That committee, modeled on a similar organization which had formed in California during the initial lawless years in the gold camps, came together in the wake of several robberies and murders in the Virginia City area and beyond. Clubfoot George was taken into custody soon after the organization of the vigilantes, accused of being a member of the gang who supposedly referred to themselves as “The Innocents,” a gang allegedly led by the sheriff of Bannack named Henry Plummer. In the first six weeks of 1864, the vigilantes tried and hanged over 20 alleged members of the gang, including Plummer and Clubfoot George.
Lane was accused of traveling to Bannack and warning Plummer of the vigilante activity in Virginia City. He was also accused of spying for the outfit, and being an accomplice to murder and robbery. But Clubfoot George reportedly steadfastly denied these charges, and, according to records, told his accusers that “If you hang me, you will hang an innocent man.” But his pleas came to naught on January 14, 1864; though his employer Mr. Dance acknowledged that Lane was a hard worker, he also admitted that he had no knowledge of his other activities. Lane then asked if Dance would pray with him, to which Dance replied, “Willingly, George, most willingly.”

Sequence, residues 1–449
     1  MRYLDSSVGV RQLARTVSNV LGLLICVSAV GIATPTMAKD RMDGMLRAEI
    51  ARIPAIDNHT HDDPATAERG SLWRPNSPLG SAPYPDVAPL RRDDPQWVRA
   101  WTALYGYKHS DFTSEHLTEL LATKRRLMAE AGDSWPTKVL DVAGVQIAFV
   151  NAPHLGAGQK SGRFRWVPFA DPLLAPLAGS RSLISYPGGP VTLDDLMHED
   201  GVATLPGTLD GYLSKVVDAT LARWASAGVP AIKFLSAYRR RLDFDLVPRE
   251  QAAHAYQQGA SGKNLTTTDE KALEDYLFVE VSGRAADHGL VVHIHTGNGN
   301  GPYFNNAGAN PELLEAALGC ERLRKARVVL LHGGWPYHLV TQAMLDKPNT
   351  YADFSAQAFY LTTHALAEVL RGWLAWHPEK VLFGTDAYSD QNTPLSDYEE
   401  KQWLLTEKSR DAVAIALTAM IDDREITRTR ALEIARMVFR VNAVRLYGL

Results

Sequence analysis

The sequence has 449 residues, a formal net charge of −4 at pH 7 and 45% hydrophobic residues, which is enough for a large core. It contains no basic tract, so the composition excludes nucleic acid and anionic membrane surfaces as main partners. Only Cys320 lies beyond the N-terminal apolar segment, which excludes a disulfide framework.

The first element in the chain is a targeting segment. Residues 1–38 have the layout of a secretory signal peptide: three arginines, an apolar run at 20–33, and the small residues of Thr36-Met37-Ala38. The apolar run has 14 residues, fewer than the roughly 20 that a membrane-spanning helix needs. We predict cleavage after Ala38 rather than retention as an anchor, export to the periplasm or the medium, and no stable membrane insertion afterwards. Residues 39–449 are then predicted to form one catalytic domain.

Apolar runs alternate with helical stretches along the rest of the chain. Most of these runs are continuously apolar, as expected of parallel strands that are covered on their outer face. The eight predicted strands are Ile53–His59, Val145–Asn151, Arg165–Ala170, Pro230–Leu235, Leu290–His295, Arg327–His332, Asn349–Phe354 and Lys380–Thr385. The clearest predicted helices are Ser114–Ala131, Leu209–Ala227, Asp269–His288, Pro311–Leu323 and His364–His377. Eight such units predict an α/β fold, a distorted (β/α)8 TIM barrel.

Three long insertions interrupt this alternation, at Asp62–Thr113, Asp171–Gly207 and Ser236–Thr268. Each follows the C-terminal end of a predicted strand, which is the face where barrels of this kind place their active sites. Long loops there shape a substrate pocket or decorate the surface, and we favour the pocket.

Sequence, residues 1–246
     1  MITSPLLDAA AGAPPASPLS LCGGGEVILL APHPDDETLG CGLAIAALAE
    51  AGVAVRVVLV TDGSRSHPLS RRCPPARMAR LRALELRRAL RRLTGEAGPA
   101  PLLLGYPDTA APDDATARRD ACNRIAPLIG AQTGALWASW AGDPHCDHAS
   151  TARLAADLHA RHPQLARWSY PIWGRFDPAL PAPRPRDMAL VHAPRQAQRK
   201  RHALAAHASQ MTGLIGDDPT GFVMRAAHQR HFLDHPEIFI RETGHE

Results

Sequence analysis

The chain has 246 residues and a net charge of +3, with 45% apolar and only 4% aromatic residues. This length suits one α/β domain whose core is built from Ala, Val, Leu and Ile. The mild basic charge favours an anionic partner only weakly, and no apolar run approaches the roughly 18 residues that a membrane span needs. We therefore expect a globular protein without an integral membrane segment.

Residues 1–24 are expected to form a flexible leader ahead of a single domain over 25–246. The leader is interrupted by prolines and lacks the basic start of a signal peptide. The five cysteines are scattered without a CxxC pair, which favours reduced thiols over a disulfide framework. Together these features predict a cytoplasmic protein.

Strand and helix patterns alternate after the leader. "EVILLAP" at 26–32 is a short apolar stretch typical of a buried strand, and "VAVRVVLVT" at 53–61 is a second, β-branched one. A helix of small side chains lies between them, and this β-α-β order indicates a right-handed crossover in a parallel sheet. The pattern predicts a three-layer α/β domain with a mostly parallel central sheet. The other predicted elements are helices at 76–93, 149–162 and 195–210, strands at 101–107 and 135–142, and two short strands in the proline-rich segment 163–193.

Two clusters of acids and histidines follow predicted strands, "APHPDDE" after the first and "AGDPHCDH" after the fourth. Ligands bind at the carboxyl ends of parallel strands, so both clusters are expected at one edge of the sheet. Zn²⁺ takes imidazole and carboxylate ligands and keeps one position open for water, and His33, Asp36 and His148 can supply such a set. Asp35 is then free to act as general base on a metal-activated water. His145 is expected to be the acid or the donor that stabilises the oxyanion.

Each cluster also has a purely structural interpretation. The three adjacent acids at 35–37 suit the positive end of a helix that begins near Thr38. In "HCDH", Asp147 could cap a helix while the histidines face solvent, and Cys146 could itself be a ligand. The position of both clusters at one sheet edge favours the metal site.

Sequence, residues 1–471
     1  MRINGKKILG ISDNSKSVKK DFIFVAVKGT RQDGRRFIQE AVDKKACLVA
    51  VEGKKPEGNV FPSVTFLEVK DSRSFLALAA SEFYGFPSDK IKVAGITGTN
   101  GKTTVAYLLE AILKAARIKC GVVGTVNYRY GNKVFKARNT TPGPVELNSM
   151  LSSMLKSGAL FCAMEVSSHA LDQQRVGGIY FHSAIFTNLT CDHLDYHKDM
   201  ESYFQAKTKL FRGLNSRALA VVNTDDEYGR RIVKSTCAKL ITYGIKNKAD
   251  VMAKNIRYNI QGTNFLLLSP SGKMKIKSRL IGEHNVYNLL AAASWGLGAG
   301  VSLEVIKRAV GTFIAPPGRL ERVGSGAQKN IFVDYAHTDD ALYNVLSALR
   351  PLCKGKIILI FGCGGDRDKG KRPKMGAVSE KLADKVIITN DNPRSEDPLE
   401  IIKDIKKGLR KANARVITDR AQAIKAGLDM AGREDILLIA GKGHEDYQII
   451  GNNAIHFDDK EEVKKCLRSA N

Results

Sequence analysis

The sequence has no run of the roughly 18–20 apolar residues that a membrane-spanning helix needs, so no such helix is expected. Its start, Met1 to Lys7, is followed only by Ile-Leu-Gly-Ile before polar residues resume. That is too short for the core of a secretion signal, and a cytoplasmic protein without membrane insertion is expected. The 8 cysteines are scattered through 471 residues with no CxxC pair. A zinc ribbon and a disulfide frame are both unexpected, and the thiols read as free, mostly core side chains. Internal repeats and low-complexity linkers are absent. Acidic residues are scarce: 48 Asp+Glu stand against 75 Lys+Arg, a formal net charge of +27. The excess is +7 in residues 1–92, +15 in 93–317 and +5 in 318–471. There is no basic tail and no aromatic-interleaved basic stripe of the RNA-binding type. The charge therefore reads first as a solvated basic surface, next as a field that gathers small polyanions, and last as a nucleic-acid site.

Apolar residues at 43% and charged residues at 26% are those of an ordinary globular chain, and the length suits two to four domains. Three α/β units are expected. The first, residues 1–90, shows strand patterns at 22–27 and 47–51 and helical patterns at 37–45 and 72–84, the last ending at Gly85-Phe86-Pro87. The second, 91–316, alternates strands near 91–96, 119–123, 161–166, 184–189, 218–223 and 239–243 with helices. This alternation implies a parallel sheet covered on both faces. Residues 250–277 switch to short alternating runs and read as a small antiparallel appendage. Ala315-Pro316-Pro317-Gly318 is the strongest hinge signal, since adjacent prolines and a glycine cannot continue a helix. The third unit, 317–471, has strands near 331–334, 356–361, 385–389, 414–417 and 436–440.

Lane was then led to the makeshift gallows at the site of a partially constructed building, where the nooses were hung from an overhead beam, with wooden boxes placed beneath each noose. Standing atop the box with the noose around his neck, George spied a friend in the gathered crowd, shouted out, “Goodbye, old fellow, I’m gone,” and then leaped from the box without further adieu. A witness reportedly said that “[Lane] was perfectly cool and collected...[he] evidently thought no more of hanging than the ordinary man would of eating his breakfast.”
Lane was buried atop “Boot Hill” with four other alleged members of the Innocents who were hung that day, all being placed in unidentified graves. But that wasn’t the end of the story. Though the dates and participants vary depending on which account is read, it appears that by 1907 some folks in Virginia City were quite curious as to the exact location of the men placed in those five unmarked graves in 1864. A former member of the vigilante association said he knew which body was where, and after pointing out Clubfoot George’s grave, his body was dug up, and his petrified club foot was removed and put on display in a glass case in various Virginia City locations.